PS: You do NOT have to be a payday, car title, or installment borrower to sign the petition.

 

CRC is starting to compile payday loan settlements- if we’ve missed any, please send them to us: SCOFFEY AT CALREINVEST.ORG and we’ll post em here.  And, Advance America has its own post about all their settlements. You can read it here:  ADVANCE AMERICA PAYDAY LENDER SETTLEMENTS

State bars internet lender, wins $11.7M settlement over ‘rent-a-tribe’ loans
CashCall Inc., an internet lender accused of hiding behind an American Indian tribe to break state laws, agreed to pay nearly $12 million to settle charges filed by Minnesota’s attorney general.The company, based in California, was also barred from further business in the state, Attorney General Lori Swanson said Thursday. “The company engaged in an elaborate scheme to collect payments far higher than allowed by state law,” Swanson said in announcing the settlement. CashCall must cancel all outstanding loans, pay back consumers and “undo any adverse reporting to the credit bureaus.” August 18, 2016.

Arkansas AG Settles Payday Lending Lawsuit for $750,000  One of the defendants, a South Dakota based company, identified itself as a tribal entity with sovereign immunity. The company, however, was neither owned nor operated by a tribe. The complaint alleged that the South Dakota lender entered an agreement with a California-based company, pursuant to which it would originate payday loans before assigning them to the California company to collect. July 9, 2016.

Courthouse News Service:  $1.6 Million Settlement With Payday Lenders: Nebraska will accept $1.6 million to settle a predatory lending suit against CashCall and Western Sky Financial, which it accused of falsely claiming tribal affiliation to duck lending laws. (May 6, 2016).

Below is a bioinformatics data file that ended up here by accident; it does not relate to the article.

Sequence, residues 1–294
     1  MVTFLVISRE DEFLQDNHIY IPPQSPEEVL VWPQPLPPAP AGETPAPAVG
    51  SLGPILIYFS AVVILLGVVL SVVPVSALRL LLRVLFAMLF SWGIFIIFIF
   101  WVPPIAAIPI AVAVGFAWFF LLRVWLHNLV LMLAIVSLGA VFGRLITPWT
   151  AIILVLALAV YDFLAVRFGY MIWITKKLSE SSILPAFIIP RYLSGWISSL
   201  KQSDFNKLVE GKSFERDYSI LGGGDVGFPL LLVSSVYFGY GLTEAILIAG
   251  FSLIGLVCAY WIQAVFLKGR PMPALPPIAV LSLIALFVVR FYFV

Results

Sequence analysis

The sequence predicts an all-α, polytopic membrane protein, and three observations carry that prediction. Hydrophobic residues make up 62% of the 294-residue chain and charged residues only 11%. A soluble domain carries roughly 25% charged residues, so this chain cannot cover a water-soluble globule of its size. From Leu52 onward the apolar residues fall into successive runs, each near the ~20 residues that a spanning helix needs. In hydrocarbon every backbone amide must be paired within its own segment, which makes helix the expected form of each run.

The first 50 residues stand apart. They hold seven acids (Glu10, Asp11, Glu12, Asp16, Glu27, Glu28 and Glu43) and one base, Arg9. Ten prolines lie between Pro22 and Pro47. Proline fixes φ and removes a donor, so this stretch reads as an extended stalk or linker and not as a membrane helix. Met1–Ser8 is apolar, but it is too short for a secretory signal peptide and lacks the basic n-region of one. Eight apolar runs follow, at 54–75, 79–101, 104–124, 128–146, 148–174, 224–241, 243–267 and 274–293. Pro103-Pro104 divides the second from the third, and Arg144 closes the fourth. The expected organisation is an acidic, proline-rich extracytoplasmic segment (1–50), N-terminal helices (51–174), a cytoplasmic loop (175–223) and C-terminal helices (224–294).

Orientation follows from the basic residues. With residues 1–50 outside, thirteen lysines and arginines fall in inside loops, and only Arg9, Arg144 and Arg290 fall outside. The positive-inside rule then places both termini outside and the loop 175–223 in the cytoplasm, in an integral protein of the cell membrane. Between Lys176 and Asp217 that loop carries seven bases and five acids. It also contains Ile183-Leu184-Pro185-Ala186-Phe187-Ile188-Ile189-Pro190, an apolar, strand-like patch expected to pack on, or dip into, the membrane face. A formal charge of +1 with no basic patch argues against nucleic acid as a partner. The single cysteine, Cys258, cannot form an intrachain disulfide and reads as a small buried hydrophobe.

Times Free  Press: Chattanooga payday king justified illegal business by giving money to charity  (May 18, 2016)  A used car salesman turned tech entrepreneur who operated an illegal payday lending syndicate from Chattanooga will pay $9 million in fines and restitution, as well as serve 250 hours of community service and three years of probation, after pleading guilty to felony usury in New York. Carey Vaughn Brown, 57, admitted to New York prosecutors that he broke the law from 2001 to 2013 by lending millions of dollars — $50 million to New Yorkers in 2012 alone — with interest rates well in excess of the state’s 25 percent annual percentage rate cap.

New York Touts $3M Payday Loan Settlement:  (May 18, 2016). In its first such action, New York’s top financial watchdog reached a $3 million settlement Wednesday with two debt-buying companies that improperly bought and collected on illegal payday loans.

Vermont AG Enters Largest Settlement With Online Payday Loan Processor  (May 24, 2016)  In the settlement agreement, the company admitted that it processed electronic financial transactions on behalf of approximately 43 separate lenders, in connection with high-interest, small-dollar consumer loans made over the internet. None of those lenders were licensed to make loans in Vermont. Between 2012-2014, however, the company processed approximately $1.7 million in transfers from Vermont residents’ bank accounts.

Payday lender will pay $10 million to settle consumer bureau’s claims  (July 10, 2014) “Ace used false threats, intimidation and harassing calls to bully payday borrowers into a cycle of debt,” bureau Director Richard Cordray said. “This culture of coercion drained millions of dollars from cash-strapped consumers who had few options to fight back.”

California Payday Lending Statistics

Editor’s note: The CFPB, a federal agency, has proposed new rules for payday, car title, and high-cost installment lenders.

BUT, they need to hear from consumers- that means you! We have an easy-to-use page where you can weigh in- it only takes a minute and will help bring about important consumer protections with these loans. Please share a line or two in the comments box about why you care about this issue and want to see strong federal reforms.

PS: You do NOT have to be a payday, car title, or installment borrower to sign the petition.

payday lender vultures

Payday and Car Title Lending Statistics